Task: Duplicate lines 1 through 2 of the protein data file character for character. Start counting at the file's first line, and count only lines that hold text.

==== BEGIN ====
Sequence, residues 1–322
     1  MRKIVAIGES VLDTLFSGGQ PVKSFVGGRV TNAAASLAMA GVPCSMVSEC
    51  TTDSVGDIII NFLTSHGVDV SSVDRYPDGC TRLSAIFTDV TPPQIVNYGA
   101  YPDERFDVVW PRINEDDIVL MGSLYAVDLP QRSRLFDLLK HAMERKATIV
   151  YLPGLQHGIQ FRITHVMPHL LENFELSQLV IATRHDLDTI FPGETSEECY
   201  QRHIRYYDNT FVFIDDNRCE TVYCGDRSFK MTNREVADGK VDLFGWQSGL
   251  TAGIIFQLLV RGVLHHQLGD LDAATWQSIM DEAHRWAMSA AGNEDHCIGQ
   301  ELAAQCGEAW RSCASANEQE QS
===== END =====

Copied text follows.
Sequence, residues 1–322
     1  MRKIVAIGES VLDTLFSGGQ PVKSFVGGRV TNAAASLAMA GVPCSMVSEC